The Angels and Yankees waded and waited through 11 innings . . . 12 innings . . . 13 innings . . . and on to the 14th, watching their three-day vacation break getting squeezed on the corners.
It was all Torey Lovullo's fault.
Eastbound flights out of John Wayne were leaving with empty seats, previously ticketed to major league players and coaches who had been unexpectedly detained at Anaheim Stadium.
It was all Torey Lovullo's fault.
Sunday was supposed to be getaway day for the battle-weary, homesick troops who entertained the sunburned throng that had been plied away from family picnics and barbecues on the promise of Pic-N-Save/Angel Logo beach towels. Play hard, play fast--that was the motto of the hour, which went unheeded by Lovullo for nearly five hours.
Lovullo, the No. 5 hitter in Buck Rodgers' lineup, could have ended this game in the eighth inning. The Yankees dared him to, intentionally walking Chili Davis to give him the opportunity.
But Lovullo flied to right.
Then he could have ended it in the 10th, after the Yankees double-dared him--intentionally walking not only Davis but also Tim Salmon before him, loading the bases for Lovullo.
But Lovullo popped to first.
A routine fly to center in the 12th inning left Lovullo 0 for 6 for the day, and the Angels and Yankees stranded. Lovullo, once beloved by his teammates, had become a royal pain in the All-Star break itinerary, the Human Missed Connection.
"I thought about it myself," Lovullo admitted. "I told myself, 'Geez, I could have ended this game two hours ago.' "
But the Bucks played on, Rodgers matching Showalter pawn move for pawn move until the bottom of the 14th, with the game approaching its fifth hour, with Luis Polonia standing on third base, with one out, with first and second base open, with Salmon and Davis due up next, followed by That Man Lovullo.
Big strategic surprise here.
Intentional walk to Salmon.
Intentional walk to Davis.
Showalter was calling out Lovullo again, dissing him, rubbing his nose in it. All told, Showalter had ordered seven men intentionally walked in front of Lovullo during the weekend--two Saturday, five Sunday--and hadn't been so much as nicked yet.
"It was a real slap in the face," said Lovullo, who played in the Yankee organization in 1991 and '92. "I prided myself in coming through in the clutch for the Yankees--and I did. But they'd rather pitch to me than Chili in that situation, which I can understand. I'm not as good a hitter as Chili with men on base.
"But this . . . this was starting to get out of control."
So it was impressive to clock the hang time on Lovullo's batting helmet once the game-ending hit had been delivered, far over the head of Yankee center fielder Bernie Williams.
Up, up, up the helmet sailed, a tape-measure job for sure, traveling almost as far ground-to-sky as Lovullo's RBI drive had home-to-outfield.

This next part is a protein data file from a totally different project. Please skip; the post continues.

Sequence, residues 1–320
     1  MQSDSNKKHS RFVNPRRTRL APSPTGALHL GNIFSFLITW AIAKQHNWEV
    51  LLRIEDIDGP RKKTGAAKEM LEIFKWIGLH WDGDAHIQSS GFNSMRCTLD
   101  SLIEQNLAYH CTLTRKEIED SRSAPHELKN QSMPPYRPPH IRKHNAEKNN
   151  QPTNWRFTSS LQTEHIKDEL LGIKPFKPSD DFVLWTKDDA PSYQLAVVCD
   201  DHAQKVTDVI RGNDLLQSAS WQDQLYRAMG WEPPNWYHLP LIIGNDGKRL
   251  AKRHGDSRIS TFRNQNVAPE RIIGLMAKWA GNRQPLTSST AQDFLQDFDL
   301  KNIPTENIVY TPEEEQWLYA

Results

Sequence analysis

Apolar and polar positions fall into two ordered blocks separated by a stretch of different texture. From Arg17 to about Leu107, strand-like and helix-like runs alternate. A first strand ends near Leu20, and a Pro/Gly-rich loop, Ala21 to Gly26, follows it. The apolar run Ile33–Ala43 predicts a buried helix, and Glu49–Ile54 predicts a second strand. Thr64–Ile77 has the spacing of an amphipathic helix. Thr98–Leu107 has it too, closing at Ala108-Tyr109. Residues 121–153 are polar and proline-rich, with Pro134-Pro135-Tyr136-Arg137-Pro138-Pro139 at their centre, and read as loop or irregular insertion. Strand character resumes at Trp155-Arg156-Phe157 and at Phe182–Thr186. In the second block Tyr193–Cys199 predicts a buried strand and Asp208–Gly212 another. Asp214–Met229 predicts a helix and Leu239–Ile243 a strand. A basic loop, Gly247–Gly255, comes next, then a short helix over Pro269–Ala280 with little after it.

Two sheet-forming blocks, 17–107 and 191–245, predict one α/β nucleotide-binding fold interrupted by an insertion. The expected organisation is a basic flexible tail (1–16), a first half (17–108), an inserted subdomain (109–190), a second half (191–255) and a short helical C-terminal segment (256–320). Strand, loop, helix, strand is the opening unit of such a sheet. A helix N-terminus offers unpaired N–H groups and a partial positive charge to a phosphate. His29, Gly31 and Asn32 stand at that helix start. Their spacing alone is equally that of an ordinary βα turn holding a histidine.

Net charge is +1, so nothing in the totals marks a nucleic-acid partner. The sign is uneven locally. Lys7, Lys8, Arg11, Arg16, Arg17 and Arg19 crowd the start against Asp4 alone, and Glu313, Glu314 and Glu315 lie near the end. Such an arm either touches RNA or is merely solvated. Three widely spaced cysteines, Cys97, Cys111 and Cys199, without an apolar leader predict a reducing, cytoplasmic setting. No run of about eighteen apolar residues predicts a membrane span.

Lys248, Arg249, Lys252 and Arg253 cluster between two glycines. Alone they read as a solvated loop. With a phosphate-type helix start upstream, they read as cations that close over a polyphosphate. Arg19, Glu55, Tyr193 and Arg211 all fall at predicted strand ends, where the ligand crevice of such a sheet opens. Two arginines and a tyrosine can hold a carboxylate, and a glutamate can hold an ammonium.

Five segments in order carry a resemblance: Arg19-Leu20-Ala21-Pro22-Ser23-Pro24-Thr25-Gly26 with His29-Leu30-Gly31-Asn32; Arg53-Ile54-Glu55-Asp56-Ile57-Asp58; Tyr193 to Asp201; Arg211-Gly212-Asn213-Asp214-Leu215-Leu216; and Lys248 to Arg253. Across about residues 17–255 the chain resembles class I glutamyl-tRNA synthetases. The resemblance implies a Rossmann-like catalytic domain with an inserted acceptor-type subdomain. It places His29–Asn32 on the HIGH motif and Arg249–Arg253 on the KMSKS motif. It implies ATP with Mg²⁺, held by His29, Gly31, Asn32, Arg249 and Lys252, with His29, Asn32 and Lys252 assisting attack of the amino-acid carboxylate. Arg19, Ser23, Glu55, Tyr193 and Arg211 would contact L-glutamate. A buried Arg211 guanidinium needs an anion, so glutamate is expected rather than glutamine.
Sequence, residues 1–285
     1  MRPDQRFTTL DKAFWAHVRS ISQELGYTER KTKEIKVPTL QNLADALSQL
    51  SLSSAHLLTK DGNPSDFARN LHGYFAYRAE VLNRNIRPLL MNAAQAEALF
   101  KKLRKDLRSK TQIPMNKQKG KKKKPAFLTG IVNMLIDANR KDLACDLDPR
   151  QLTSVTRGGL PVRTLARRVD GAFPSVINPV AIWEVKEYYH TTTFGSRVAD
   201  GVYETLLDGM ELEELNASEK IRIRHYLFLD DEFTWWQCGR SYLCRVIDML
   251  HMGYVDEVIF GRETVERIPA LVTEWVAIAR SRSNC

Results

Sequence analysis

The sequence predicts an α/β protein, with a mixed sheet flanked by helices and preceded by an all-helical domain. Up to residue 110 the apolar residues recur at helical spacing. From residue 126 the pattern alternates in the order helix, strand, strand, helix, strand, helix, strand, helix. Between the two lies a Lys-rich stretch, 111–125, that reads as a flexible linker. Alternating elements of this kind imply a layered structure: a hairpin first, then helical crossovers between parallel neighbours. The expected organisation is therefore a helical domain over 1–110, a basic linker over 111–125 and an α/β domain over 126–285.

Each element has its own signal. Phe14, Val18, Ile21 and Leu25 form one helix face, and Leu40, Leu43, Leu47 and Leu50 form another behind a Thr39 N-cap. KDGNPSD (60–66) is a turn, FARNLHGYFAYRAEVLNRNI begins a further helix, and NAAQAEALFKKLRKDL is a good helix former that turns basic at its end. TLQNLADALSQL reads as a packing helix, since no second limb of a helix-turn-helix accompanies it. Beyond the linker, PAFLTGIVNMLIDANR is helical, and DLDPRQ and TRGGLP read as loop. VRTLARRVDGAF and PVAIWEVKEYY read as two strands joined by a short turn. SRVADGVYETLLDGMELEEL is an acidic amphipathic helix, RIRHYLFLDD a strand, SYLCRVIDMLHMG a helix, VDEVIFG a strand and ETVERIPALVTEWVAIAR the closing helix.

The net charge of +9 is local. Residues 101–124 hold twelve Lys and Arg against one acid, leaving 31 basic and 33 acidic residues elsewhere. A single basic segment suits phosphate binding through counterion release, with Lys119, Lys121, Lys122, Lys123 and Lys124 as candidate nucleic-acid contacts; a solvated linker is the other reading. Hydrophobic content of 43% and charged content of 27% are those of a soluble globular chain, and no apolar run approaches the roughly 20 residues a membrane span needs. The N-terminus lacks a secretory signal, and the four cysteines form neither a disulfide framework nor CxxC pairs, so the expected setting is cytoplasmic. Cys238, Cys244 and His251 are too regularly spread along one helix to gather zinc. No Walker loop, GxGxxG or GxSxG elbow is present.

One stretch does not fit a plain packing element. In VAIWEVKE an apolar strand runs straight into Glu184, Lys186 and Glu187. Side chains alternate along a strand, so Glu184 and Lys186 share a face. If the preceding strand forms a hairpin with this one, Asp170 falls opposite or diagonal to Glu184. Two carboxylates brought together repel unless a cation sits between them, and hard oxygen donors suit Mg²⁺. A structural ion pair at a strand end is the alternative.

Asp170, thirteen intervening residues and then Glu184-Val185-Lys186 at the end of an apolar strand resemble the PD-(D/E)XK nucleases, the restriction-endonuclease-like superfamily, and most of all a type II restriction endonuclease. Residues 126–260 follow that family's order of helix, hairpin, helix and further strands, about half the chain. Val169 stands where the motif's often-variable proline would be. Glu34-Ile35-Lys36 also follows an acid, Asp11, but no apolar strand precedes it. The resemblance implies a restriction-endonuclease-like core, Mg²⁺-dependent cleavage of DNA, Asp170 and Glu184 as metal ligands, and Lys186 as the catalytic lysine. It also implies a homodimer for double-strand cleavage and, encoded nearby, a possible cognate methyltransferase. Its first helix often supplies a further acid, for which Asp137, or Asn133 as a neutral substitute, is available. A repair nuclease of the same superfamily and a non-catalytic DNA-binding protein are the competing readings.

"I wanted to put it in their face," Lovullo said. "I commend Buck Showalter. He made the moves that kept his team in the ballgame. But the bottom line is that we took three of four ballgames from them."
Three of four from the Yankees. The one-game-out-of-first, contending-in-a-real-man's-division Yankees.
"Everybody's waiting for us to crack," said Lovullo, "but it's not happening. We beat one of the best teams in the East straight up, head to head. Now we can tell ourselves, 'We're as good as they are.' "
And, finally, they can go home. Lovullo kept them long enough--4:51 was the official time of game. But, in the words of the immensely idle Davis, "If we were going to be out there for as long as we were, we might as well win. This is going to make for a very enjoyable All-Star break."
It certainly beats the alternative, to Lovullo's mind.
"If I had to sit on an 0-for-7 and 16 men left on base over two games, I might have committed suicide," Lovullo quipped. He glanced across the clubhouse to where Davis was holding court with a cluster of writers. "What's Chili saying over there?" Lovullo wondered. "That it's about time I came through? That he was tired of having to walk about 60 times?"
Actually, Chili was quite the diplomat, as befits his newly established role as Angel Elder.
"Intentional walks don't bother me," Davis said. "It's all a part of managing. As a player, I can understand that. How can I say it's frustrating? We won."
Still, Lovullo shook his head and said, "I feel bad for him. I know he wants to get up there and get good pitches and drive in runs. But he was the first guy to congratulate me. That really showed me something."
Rodgers got a kick out of it, too. Rodgers being the one who scribbled Lovullo's name right behind Davis' in the first place.
"It just happened that Torey was the one hitting behind Salmon and Chili, our two big RBI guys," Rodgers said. "Whoever we put behind Chili was going to be the recipient, whether it was (Damion) Easley or (Rene) Gonzales or whoever."
Unless said recipient begins roping the ball, in which case opposing manager is not so quick to send four wide ones by Davis.
By the bottom of the 14th inning, by the third pitch of the seventh at-bat, Lovullo finally got it right. For one shining moment, with dusk approaching, Lovullo swung like a cleanup hitter. And the mess he cleaned up was his own.